1. Introduction

The symptomatic burden of allogeneic hematopoietic stem cell transplantation (allo-HSCT) can severely affect food intake and nutritional status [1,2,3,4]. Severe malnutrition puts transplant outcomes at risk, prolonging the time to engraftment and increasing the risk of infection, as well as the duration of hospitalization and mortality [5,6,7,8].
Nutritional assessment and nutritional support are therefore crucial to manage transplant patients and improve the transplant outcome [7,8,9,10]. This aspect is even more important if we consider that over the last ten years, the age limit for transplantation has risen to the age of 75, and patients older than 60 years old who have received transplants exceed 30% [11].
The Patient-Generated Subjective Global Assessment (PG-SGA) questionnaire is recommended as a standard tool for nutritional screening, assessment, monitoring, and triaging for nutritional interventions in patients with cancer [12].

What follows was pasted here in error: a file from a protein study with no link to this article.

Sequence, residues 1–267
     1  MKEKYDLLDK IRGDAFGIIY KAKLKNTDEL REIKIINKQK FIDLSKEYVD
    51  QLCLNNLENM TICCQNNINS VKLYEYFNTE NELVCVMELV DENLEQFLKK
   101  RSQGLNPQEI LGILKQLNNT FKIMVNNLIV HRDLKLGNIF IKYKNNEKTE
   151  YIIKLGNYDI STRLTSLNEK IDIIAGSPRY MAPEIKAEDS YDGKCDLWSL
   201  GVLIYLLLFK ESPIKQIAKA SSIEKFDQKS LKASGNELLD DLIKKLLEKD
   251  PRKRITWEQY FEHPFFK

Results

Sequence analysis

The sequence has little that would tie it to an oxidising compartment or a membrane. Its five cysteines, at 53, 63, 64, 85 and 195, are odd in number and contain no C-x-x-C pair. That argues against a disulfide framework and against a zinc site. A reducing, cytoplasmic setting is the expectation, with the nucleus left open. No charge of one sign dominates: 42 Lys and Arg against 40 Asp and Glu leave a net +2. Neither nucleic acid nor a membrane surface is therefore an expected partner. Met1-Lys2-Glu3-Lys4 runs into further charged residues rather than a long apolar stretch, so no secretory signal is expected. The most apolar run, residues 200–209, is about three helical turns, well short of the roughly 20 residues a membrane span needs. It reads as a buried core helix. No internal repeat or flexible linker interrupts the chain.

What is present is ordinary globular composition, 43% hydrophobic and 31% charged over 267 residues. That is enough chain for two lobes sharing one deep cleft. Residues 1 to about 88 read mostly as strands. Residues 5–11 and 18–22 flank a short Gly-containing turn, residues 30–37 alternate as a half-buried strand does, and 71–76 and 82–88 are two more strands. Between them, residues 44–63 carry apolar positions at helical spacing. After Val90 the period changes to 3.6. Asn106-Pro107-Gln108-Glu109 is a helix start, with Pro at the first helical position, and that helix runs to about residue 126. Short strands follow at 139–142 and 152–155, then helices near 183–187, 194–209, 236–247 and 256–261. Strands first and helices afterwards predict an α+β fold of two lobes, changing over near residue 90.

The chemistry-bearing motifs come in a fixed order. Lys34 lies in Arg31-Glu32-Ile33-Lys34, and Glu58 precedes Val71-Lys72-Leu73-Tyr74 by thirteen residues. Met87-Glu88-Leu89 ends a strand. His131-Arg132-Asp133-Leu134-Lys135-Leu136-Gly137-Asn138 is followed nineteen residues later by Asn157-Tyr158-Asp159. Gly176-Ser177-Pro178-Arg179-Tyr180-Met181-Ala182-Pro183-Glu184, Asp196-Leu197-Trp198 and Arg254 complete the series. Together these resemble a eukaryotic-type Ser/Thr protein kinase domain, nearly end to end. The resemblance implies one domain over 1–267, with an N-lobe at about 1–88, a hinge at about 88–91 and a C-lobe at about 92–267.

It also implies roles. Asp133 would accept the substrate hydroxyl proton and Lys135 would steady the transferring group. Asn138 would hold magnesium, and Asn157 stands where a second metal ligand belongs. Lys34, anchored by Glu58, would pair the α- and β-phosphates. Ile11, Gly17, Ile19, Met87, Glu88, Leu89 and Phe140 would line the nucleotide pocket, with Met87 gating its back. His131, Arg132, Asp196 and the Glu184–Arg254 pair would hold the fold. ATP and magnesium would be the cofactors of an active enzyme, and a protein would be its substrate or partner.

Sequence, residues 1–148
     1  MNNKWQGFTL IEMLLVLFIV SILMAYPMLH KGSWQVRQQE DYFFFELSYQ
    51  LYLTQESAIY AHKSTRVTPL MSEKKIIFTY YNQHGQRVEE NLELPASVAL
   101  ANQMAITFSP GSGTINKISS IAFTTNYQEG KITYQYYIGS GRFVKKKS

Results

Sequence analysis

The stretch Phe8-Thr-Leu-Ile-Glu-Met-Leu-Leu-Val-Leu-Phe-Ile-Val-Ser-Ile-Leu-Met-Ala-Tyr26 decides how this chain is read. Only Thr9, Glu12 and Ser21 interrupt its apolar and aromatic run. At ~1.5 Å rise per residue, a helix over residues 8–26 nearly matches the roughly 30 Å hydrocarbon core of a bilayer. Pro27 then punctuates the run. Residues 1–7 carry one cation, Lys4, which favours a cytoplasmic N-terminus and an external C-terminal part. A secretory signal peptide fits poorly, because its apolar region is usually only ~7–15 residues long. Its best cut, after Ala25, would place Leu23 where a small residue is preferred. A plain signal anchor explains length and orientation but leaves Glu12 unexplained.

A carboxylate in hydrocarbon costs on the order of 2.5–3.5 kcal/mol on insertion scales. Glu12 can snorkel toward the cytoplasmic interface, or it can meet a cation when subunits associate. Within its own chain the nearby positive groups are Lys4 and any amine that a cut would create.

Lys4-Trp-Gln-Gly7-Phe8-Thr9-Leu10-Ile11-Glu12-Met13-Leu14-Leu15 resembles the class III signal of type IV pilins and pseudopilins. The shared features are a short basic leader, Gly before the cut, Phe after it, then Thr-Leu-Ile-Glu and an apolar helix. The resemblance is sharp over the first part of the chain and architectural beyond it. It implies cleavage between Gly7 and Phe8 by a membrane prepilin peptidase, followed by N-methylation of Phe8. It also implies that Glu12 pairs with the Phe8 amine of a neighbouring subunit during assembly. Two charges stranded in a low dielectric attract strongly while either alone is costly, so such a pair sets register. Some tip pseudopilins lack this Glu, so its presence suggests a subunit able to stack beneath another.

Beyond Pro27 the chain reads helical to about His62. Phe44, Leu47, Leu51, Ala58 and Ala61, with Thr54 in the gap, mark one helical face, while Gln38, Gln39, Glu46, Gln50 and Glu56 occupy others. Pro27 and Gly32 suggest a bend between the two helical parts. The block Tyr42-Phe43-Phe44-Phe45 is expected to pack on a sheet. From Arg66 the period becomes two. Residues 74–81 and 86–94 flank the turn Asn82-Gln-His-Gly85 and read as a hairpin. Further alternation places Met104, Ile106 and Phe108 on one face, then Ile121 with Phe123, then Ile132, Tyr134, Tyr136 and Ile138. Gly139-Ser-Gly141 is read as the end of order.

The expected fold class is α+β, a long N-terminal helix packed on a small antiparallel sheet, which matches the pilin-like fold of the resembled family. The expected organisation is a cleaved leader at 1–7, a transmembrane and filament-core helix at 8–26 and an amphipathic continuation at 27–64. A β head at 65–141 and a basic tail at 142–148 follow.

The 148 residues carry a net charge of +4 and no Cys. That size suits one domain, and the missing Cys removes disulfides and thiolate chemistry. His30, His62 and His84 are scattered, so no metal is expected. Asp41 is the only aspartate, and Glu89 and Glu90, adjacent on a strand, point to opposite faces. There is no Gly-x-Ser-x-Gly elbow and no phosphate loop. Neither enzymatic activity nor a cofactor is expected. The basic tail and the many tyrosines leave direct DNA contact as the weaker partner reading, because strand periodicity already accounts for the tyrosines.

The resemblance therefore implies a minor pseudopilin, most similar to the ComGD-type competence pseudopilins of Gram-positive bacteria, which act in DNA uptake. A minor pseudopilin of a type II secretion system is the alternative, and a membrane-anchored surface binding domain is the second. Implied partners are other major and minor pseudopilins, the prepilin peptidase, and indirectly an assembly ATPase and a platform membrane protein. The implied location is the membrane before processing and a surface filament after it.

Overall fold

Regarding nutritional support, enteral nutrition (EN) is generally considered the best approach in oncology, but, if that cannot be pursued, parenteral nutrition (PN) is recommended [13]. In HSCT, PN is generally reserved in the case of severe mucositis (Grade 3–4), ileus, or intractable emesis [13] and should be continued until the resolution of the complications [14]. Although ASPEN and ESPEN guidelines recommend EN as the best approach in nutritional support in HSCT [14,15], parenteral nutrition is still most widely used in HSCT settings [16]. Furthermore, it is well known that PN may be associated with gut mucosal atrophy, metabolic and hepatic complications, central venous catheter infections, fluid overload, and hyperglycemia, which also increase the risk of systemic infections and inflammation [10,16,17,18,19].